There’s a dynamic duo in horticulture that has brought the green industry to the forefront of the public eye. It’s the mother and daughter team of Suzi McCoy and Katie Dubow. Suzi is the founder of Garden Media Group and Katie is the current president of the business. Suzi, a native South Carolinian, started her business as a general practice public relations firm under the name of IMPACT Marketing and PR Inc. in 1987. Her diverse clientele ranged from the mushroom industry to steeplechase horse trainers.
Her first client was Conard Pyle/Star Roses, which introduced her to the world of horticulture. Suzi said that it was an industry filled with true ladies and gentlemen. After attending a Garden Writers of America (now GardenComm International) symposium in Boston, she came away from that conference with a new goal and decided to focus on horticulture and outdoor living as a niche market.
She worked hard and positioned herself in places where she knew she could make a difference and built her reputation. Suzi said the editors at the big magazines were extremely helpful and found that everyone was really cheering for her across the industry, and everyone looked out for each other. One of her first clients came from a rival PR firm who couldn’t take the customer on at that time. Suzi said she found by staying positive, listening to her clients and getting results, as well as managing a smart team, helped pave the way for the firm’s success.
“Garden Media Group helped put our brand on the horticultural map,” says Mark Highland, president of The Organic Mechanics Soil Company. “Their efforts helped our website rise in SEO ranking and got us regional and national exposure on multiple television networks. GMG speaks the language of horticulture and marketing, and they bring a positive attitude to everything they do.”
Suzi has witnessed and been a part of big changes in the industry. She has seen a large number of turnovers and ownership changes of small growers and garden centers. Suzi believes one of the biggest challenges the green industry faces is how to spread the marketing message with so many communication platforms available. “The way that we communicate with the end-user is so different than it was 30 years ago. It will take continued exploration of new avenues to attract and engage consumers. We have a tremendous array of wonderful products we need to get in front of these consumers to show them how growing a plant can be Instagramably easy or it can be a TikTok challenge, depending on the consumer’s level of expertise.”
The way the green industry engages new gardeners and helps them become successful, as well as continuing to offer seasoned gardeners “something to brag about,” will help all the companies in the entire supply chain, Suzi says.
“Once someone has experienced the gratification of growing beautiful flowers and tasty tomatoes, gardening can continue to be a lifelong interest,” she says.
As far as predictions about the industry, McCoy says, “You’ll have to ask Katie Dubow, she’s the trendspotter now!”
Katie manages the firm’s annual Garden Media Group Trends Report, something the team amply researches and presents to the market.
“[The trends report] is a brand of its own and is always leading our industry forward,” says Sid Raisch, president of Horticultural Advantage.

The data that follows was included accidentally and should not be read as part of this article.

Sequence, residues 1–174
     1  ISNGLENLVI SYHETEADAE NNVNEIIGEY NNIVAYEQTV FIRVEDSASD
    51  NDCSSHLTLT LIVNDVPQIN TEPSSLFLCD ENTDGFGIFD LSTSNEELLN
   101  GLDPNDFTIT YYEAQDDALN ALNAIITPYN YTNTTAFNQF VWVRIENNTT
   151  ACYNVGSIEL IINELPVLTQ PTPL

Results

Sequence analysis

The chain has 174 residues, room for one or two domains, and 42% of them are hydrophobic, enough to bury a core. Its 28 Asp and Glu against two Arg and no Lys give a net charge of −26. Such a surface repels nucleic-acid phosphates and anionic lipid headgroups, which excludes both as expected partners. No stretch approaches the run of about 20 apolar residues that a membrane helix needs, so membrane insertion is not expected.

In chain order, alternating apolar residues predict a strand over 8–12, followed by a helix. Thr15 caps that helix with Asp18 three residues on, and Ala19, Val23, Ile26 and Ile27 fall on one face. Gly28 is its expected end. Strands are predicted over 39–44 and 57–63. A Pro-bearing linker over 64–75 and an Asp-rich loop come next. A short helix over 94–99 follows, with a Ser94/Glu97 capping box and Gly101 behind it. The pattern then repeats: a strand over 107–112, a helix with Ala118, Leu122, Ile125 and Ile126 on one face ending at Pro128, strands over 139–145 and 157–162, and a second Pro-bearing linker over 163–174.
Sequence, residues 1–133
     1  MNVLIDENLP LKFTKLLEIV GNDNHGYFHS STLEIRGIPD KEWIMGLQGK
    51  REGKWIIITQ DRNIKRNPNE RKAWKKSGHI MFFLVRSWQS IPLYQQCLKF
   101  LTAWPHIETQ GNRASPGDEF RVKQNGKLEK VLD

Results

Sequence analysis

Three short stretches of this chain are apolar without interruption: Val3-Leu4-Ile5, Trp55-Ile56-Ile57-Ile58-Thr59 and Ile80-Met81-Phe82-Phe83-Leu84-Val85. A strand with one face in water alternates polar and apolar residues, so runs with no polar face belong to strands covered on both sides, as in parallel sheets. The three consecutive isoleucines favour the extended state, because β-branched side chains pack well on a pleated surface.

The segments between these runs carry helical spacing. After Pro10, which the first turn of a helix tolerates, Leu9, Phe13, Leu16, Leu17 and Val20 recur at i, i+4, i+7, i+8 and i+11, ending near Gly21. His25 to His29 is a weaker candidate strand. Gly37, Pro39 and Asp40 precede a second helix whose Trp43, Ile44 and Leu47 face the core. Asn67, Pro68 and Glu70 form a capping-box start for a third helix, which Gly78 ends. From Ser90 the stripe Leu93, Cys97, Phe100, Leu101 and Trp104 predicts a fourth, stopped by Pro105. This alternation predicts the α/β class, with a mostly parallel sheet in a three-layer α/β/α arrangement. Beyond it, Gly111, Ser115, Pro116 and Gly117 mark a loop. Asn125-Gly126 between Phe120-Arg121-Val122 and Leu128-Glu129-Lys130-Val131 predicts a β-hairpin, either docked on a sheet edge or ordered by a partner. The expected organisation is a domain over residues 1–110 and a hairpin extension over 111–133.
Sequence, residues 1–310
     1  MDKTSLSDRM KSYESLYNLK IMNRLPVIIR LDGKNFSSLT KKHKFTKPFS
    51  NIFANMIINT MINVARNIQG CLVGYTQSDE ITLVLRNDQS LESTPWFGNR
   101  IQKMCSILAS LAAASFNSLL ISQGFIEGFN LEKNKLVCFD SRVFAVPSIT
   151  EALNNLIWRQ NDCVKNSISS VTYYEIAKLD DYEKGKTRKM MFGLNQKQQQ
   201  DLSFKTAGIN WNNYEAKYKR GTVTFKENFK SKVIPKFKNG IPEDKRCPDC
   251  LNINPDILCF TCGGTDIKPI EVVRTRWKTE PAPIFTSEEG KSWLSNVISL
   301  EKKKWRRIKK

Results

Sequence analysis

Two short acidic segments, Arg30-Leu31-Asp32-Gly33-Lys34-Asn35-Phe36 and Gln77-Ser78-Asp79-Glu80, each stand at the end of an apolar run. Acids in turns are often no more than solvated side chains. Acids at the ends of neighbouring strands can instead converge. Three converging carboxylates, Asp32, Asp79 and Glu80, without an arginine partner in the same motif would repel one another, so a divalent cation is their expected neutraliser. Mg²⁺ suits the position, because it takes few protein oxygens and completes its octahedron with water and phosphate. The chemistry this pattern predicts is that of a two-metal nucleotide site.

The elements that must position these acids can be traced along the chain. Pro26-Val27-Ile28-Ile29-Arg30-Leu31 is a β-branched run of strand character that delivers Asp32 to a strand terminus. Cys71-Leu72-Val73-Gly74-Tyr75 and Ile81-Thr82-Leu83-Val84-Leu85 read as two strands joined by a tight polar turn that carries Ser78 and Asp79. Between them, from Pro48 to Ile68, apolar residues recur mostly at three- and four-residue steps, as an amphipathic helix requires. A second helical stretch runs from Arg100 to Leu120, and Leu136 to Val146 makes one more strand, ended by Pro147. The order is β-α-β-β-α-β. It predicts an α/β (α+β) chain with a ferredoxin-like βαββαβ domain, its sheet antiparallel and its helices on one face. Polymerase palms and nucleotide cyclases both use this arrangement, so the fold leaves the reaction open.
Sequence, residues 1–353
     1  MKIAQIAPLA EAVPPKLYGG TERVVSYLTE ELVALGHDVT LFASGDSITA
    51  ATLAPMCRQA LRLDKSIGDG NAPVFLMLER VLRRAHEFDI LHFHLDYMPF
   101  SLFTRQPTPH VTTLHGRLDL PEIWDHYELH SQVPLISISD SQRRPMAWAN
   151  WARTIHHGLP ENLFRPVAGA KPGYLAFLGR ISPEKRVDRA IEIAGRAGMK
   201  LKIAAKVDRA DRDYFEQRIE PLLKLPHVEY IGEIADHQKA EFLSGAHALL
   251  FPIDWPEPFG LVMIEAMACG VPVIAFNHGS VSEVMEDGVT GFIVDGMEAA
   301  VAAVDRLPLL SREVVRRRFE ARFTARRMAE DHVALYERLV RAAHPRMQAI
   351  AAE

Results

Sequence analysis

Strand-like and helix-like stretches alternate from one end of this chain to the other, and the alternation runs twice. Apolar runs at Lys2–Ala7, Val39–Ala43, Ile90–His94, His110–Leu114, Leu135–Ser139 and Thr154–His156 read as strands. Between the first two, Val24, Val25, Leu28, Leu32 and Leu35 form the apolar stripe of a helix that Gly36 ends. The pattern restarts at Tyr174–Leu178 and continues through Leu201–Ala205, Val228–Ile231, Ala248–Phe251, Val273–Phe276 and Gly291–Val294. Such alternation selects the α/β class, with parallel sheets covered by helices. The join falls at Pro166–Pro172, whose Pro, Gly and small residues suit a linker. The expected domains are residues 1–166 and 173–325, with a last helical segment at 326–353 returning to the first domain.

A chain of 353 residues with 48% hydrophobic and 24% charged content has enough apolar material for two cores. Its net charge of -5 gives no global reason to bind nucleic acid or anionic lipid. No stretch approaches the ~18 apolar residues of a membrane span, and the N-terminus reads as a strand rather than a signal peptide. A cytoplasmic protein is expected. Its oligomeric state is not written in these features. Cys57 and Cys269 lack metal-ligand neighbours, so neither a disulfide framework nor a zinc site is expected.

Katie grew up in the heart of America’s garden capital just about a mile from Longwood Gardens in Kennett Square. She took over the business in January 2020 after Suzi retired with plans to spend more time with her husband and granddaughters, travel more often, play golf, paint and volunteer.
But Katie didn’t always want to follow in her mother’s footsteps.
“I think many children don’t ever envision themselves in their parents’ jobs, working together, living back where they grew up — or at least I certainly didn’t,” Katie recalls.
She studied communications at Northeastern University in Boston with a sports broadcasting concentration (she wanted to be one of the first female sideline reporters), and she landed a job with the Boston Celtics while still in college. Her first job out of college was at CBS television in New York. She quickly realized that she wasn’t cutthroat enough for the broadcasting industry.
She started taking tours with Garden Media Group and GardenComm International and began to fall in love with the people in the industry.
“Everyone was always so willing to help, nurture and grow — not just plants but each other,” Katie says.
And it was so different from the New York City work culture she was used to. Next, her love of plants began to develop. When asked what makes her love this industry, she said she loves that people don’t enter this industry for status, money or fame, but because “it’s what they love, and there is a passion about sharing that love and helping others find their passion, too.”
Katie is mom to two girls, ages 4 and 7. Of course there are still a lot of roads to travel before she knows if her daughters will be interested in the business.
“I just asked them [about being interested in my job] and they said, ‘um, kind of.’ They like having plants in the house and they like knowing that someone else will take care of them.”
Katie is enthused about the future of the green industry.
“Oh, our future is bright. We’ve moved past houseplants as the gateway and people are invested. They are building community through plants, they are creating space in their lives for caring for them and getting joy out of them. These are the things that embed us in someone’s life — and no matter where they move, what comes up, it’s in their DNA. When we nurture an entire new generation to respect the earth, plant flowers, grow their own food, and garden for wildlife, we can be proud of the work we’ve done.”